And as a business person myself, I know from my own reading, thinking and personal experience that capital allocation IS a critical factor in successfully managing and growing a business over the long-term — after all, if you can’t find good places to put your cash, you’ll inevitably end up wasting a lot of it — but you won’t have capital to allocate if you aren’t operating your business and managing your relationships with employees and customers well, in addition. The book just doesn’t do much in the way of explaining how it was that Ralston Purina, or General Dynamics or Teledyne or what have you, had so much capital to allocate in the first place.

I think people like this book so much because it’s exciting to read about outsize success, regardless of how it happened.

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Doing The Hugh Hendry

Below is some commentary from Hugh Hendry I found in an FT.com editorial I since can not access as I don’t have a login. But I thought it was interesting when I first read it awhile back and I still think it’s interesting now. I meant to post it earlier. Rectifying my mistake:

For the moment, let us forget the chances of a hard landing in China. Forget the drama of Europe’s circus of politically inspired economic incompetency. Forget that the good news of the US economy’s succession of positive economic surprises is really bad news as fixed income managers have sold copious amounts of too cheap volatility and because it has made equity investors turn bullish, sending stock market volatility back to 2007 levels. This is dangerous. Improved US data may represent a classic short-term cyclical upturn amid a profound global deleveraging cycle.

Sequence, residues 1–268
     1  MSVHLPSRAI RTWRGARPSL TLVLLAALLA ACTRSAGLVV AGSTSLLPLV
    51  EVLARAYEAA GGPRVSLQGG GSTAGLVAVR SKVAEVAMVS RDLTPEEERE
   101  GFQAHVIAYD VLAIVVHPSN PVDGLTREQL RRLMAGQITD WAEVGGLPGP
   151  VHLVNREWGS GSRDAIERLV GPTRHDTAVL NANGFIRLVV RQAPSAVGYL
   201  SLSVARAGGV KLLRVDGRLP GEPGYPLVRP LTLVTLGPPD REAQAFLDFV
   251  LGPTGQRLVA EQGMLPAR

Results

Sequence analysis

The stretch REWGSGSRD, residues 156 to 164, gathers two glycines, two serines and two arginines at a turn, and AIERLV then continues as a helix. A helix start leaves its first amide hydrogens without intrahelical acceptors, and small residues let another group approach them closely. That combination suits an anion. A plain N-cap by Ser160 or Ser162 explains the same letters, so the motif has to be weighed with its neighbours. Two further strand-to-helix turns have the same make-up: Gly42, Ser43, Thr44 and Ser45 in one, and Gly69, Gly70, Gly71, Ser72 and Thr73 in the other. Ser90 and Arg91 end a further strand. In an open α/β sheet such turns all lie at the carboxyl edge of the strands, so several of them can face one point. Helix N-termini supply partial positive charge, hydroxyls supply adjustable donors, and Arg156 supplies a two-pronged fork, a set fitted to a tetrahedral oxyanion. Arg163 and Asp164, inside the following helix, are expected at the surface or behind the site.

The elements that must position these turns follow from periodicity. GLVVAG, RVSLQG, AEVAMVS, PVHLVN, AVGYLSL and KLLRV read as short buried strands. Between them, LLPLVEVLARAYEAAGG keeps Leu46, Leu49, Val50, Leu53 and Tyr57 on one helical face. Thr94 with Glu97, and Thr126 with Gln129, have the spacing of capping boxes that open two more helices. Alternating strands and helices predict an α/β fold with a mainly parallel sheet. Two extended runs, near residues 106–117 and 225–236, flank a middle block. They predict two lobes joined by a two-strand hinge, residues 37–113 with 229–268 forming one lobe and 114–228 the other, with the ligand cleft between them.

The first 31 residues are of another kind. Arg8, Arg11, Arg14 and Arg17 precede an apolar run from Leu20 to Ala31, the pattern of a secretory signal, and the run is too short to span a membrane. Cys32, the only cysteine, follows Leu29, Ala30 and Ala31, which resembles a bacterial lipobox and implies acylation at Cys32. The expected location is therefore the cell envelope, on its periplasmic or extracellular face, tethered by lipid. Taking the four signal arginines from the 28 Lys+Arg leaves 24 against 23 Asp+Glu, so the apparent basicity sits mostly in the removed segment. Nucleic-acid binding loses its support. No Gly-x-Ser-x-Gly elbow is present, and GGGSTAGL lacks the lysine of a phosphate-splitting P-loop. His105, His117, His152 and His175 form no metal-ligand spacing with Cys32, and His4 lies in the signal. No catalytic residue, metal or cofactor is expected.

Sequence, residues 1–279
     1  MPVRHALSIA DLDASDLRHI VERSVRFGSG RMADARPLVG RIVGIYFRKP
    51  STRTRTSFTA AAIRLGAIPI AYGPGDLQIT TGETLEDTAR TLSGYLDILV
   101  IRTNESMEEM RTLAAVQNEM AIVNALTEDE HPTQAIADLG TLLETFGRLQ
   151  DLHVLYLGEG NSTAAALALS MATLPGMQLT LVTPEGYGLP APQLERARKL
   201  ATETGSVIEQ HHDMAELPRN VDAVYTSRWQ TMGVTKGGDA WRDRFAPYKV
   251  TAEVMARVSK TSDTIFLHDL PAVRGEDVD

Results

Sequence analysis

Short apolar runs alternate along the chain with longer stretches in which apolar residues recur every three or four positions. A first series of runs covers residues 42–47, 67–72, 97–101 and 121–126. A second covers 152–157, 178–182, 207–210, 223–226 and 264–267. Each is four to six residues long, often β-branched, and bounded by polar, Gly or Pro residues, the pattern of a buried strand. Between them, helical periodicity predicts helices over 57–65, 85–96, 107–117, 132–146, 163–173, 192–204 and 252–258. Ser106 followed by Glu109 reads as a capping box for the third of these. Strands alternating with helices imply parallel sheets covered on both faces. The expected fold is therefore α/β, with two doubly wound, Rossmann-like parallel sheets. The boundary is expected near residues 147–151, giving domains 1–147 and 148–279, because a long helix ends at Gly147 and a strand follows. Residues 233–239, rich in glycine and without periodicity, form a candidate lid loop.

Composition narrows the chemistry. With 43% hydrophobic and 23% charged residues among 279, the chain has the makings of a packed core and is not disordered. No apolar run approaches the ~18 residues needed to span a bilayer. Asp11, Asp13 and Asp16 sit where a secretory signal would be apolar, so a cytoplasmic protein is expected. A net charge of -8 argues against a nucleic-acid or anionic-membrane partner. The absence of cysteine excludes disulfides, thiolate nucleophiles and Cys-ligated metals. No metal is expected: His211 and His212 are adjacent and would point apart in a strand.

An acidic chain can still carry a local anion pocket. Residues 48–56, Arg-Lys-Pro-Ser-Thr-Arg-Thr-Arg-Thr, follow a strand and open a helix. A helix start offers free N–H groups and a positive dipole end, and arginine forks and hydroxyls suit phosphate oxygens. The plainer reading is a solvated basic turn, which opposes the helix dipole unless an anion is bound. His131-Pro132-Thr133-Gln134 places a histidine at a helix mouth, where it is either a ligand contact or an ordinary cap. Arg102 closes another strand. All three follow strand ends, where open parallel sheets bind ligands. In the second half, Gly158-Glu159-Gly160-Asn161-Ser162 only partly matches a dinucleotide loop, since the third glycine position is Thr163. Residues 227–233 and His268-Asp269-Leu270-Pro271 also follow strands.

Such moves have been commonplace for the past three years and have yet to prove a harbinger of any structural upswing. I worry that the pathological course of the last several years will see volatility rise sharply once again. Even so, there exists, in terms of my parochial world of hedge fund investing, a bigger issue.

I fear that my no longer small community has been compromised. Last year was generally very tough for long/short strategies and I commiserate with all concerned. But last year world class funds lost more than 15 per cent in just two months. Today they are celebrated again for making double digit returns in the last quarter even though they still languish below high water marks and their reputation for risk management, at least to those clients who have poured over their copious due diligence statements, has been sorely compromised.

You can probably live with that if you are a pension scheme or a large, sophisticated fund-of-fund because you have a global macro sub-sector that can benefit from short-term shifts in volatility. But the unfortunate thing is that this group exercised its stop losses somewhere between the great stock market rallies of 2009 and 2010. That is to say, they honoured the pact they had with clients. They adhered to the terms of their risk budget: they lost money and they reduced their positions. I fear that owing to this nasty experience the financial world is in danger of harvesting a monoculture of fund returns that could prove less than robust should the global economy suffer another deflationary reversal.

To my mind the situation has parallels with the plight of the banana. Today the world eats predominately just one type of banana, the Cavendish, but it is being wiped out by a blight known as Tropical Race 4, which encourages the plant to kill itself. Scientists refer to it as programmed death cell destruction. In stressful situations bananas fortify themselves by dropping leaves, killing off weaker cells so that stronger ones may live to fight anew. They operate a stop-loss system.